Friday, December 15

Baby Development Guide: Week 48

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Baby Development Guide for Baby’s Twelfth Month (weeks 48-52)

Congratulations- you have made it through your first year of parenting your new baby! At the rate your child has physically grown over this past year he would weigh one ton by age five. Fortunately his growth rate significantly pulls back and he will grow at a steadier rate going forward.

Physically your child might not show an interest in learning how to walk (if he is not already walking), but this is okay. Each child learns at a different pace so some children might want to learn the entire skill before moving on to the next skill. Now is a great time to buy him those pushing toys so he can practice the skill with a fun and safe toy.

He might also lose weight around this time, but this is quite normal. Weight loss can be due to a number of reasons including his newly found food preferences (he will not eat everything you put in front of him anymore!) and his increase in exercise. The average height for a one year old child is 28-32 inches while the average weight is 18-24 pounds.

She will take interest in imitating your every move. She sees what you do and wants to be like you, so take it as a compliment!

During this time she will probably also experiment with new behaviors including some bad behaviors (ever heard of regressive behavior?). You might even have the joy of experiencing the feared toddler tantrum. She has gained a sense of independence, so tantrums should come as no surprise. Simply let her throw the tantrum, calmly waiting until she is done. Then when she is done, coolly but firmly correct her behavior and explain why it is unacceptable. Soon enough she will realize that tantrums “do not work” and she will give them a rest.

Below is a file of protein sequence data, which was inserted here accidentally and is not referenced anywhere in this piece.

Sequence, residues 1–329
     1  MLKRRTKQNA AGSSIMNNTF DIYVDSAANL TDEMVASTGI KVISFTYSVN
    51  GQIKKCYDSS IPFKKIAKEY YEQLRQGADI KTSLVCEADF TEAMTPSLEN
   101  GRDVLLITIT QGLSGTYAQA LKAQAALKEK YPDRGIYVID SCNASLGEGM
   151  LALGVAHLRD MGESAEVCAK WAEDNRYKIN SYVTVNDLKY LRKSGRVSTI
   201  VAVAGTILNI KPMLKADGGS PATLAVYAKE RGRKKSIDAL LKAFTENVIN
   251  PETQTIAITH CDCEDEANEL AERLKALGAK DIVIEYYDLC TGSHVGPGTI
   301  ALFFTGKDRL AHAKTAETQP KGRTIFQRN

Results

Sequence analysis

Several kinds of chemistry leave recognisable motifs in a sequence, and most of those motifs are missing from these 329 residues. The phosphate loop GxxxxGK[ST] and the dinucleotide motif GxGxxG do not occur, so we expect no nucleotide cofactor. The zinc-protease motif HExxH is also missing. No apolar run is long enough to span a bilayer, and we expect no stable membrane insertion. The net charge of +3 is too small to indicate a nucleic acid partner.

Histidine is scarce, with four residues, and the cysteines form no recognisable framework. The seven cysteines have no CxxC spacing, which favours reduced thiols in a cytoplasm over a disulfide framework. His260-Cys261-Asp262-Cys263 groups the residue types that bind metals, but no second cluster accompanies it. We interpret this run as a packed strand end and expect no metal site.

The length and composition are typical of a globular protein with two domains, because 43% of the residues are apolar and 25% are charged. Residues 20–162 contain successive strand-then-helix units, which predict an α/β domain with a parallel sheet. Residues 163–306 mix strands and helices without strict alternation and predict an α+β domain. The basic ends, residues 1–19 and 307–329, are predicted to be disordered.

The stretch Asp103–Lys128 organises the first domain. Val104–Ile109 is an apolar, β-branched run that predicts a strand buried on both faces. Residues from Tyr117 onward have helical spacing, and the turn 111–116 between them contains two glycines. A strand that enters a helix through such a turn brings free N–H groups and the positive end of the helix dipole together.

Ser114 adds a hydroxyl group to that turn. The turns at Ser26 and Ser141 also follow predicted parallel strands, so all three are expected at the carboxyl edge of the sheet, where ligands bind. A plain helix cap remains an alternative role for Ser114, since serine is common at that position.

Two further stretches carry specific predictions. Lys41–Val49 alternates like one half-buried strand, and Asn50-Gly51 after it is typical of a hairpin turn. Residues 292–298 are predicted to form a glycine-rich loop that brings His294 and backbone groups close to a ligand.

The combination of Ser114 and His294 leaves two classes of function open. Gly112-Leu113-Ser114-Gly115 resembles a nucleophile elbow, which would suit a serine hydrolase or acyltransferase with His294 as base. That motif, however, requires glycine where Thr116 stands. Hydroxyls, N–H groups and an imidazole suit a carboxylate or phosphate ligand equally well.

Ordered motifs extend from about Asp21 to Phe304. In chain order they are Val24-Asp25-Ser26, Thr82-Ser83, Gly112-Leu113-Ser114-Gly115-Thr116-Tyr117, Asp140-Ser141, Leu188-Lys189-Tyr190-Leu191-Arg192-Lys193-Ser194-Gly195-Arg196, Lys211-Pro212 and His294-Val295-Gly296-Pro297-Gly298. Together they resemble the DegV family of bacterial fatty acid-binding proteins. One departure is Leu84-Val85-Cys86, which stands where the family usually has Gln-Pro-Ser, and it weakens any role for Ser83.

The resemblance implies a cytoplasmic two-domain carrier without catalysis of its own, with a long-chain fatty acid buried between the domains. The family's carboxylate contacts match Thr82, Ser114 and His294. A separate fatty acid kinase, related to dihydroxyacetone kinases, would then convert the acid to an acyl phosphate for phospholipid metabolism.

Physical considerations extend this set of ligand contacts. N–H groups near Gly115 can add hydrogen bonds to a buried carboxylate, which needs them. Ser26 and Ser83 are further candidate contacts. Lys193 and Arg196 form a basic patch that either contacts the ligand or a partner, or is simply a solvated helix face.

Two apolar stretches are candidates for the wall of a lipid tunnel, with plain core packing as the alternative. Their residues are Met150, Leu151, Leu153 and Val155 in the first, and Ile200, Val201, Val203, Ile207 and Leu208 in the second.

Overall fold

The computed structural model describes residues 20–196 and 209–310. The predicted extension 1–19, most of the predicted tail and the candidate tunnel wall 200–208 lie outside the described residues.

Make sure you leave room for your toddler to explore and go on adventures often without “cracking the whip” and correcting every behavior. Try to only discipline when it is absolutely necessary.

She will likely enjoy mimicking your sounds and noises. Keep in mind most children should speak one to two words by the end of the first year (although ours was already saying phrases!).

By now you might have realized that she reacts differently to dad than she does to mom. This is likely due to the way each of you treat her- she might view mom as more of the nurturer and run to her when she has a “boo boo” whereas dad is seen as more of a physical rough-houser.

He has a clear understanding of the word “no” now although he will often return to the same off-limits habits, behaviors and objects even after repeated corrections. Stay patient with him; this stage will pass. In the mean time you are teaching him about the importance of personal boundaries.

In the years to come your approach to parenting will need to stay the same in some areas and transform with the times in other areas. For instance, your child will always need you to lovingly and caringly interact with them but the actual way that takes place will change based on your child’s age. With a solid year of parenting behind you (and one of the most challenging years, no less!) you probably have more experience than you think you have as a parent. Continue to love on your child no matter his or her age and you will likely have a child who adores you and will responsibly contribute to society for the rest of their life.

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